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Re: Pump cavitation

Ok, I'm not Steve, but this is a topic I know something about.

Cavitation is what happens when the water pressure at the trailing edge of the 
impeller blade is too low to keep dissolved gasses in solution. This is 
dependent on water temperature, water pressure, impeller speed and geometry, and 
gas concentration.

If the pressure drops low enough, the water itself will actually vaporize, 
creating a pocket of cold 'steam'.  This is technically 'true' cavitation; gas 
coming out of solution doesn't really count, although it's essentially the same. 
True cavitation requires one HELL of a pump (like an OHIO-class submarine going 
full tilt).  I'd be a bit surprised if this happens in an aquarium pump, but who 
knows what you people are using! :^)

The noise you hear is from these pockets of gas imploding as they move out of 
the low pressure zone.  The implosion is also what damages your impeller, as it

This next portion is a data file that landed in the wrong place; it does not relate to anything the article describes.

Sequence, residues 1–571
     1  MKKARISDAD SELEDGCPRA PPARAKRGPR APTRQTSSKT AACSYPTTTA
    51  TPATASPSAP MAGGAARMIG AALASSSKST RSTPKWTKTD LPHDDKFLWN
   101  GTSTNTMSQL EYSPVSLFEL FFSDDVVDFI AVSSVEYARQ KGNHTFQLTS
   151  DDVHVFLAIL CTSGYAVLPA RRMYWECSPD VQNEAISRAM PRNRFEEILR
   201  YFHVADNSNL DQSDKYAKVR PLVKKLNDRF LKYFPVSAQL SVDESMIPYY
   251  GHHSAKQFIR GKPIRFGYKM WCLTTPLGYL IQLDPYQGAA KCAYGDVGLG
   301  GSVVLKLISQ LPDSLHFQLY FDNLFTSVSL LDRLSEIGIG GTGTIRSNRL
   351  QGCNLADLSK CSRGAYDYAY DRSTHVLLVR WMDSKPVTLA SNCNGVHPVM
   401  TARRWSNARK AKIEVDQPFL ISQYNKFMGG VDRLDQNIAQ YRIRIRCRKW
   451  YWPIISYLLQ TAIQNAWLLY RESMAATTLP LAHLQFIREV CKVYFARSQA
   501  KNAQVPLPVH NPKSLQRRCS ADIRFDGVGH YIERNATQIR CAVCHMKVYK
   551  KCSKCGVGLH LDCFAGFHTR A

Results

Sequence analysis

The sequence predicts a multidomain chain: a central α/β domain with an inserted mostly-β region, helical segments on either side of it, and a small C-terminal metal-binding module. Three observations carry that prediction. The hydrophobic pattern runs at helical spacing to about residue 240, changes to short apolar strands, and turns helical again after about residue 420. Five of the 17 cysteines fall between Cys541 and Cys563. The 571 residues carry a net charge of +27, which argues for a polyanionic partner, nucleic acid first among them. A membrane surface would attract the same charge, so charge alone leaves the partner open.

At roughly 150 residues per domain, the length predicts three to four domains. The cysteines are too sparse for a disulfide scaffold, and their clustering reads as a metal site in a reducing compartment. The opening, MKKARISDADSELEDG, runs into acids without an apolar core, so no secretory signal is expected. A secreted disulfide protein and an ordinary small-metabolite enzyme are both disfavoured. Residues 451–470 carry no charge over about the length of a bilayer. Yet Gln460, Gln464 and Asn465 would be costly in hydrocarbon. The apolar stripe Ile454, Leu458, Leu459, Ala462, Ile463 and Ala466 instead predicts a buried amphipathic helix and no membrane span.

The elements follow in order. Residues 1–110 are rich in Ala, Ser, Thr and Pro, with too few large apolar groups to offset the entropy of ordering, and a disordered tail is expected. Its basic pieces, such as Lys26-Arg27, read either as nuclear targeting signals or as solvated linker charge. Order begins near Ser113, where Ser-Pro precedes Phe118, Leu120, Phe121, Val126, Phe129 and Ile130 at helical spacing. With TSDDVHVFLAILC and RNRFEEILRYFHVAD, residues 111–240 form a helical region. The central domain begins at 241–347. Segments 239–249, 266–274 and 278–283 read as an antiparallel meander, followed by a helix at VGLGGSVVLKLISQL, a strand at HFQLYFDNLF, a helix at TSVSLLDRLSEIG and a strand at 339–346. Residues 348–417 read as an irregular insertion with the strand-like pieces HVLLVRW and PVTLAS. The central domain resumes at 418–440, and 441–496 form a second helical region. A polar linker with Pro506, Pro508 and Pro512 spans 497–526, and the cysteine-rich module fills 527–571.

packs a lot of force in a very tiny space, leaving pock marks or worse on your 

There are only two ways that you can be getting bubbles out of your pump by 
restricting the intake.

1) A leak in your casing or hose connection (restrict intake => lower pressure 
inside pump => suck air through leak)

2) Very high gas concentration which prevents the released gas from 
re-dissolving fast enough.

In either of these cases, you will not hear cavitation noise.

Best - 

 - Anthony

> Steve<<<
> Gee, thanks for setting me straight on this Steve.  Maybe you could
> explain to me what's happening when I get a lot of bubbles in the return
> line of my Iwaki pumps when I restrict the flow at the input of the
> pump.  They're amazingly quiet while this is going on. You might also
> explain why the manufacturers of pumps warn against restricting the flow
> at the input of a pump because it causes cavitation which can damage the
> impeller.
> I was under the impression that the restricted flow caused the water to
> vaporize due to the low pressure created.
> Best regards,
> Don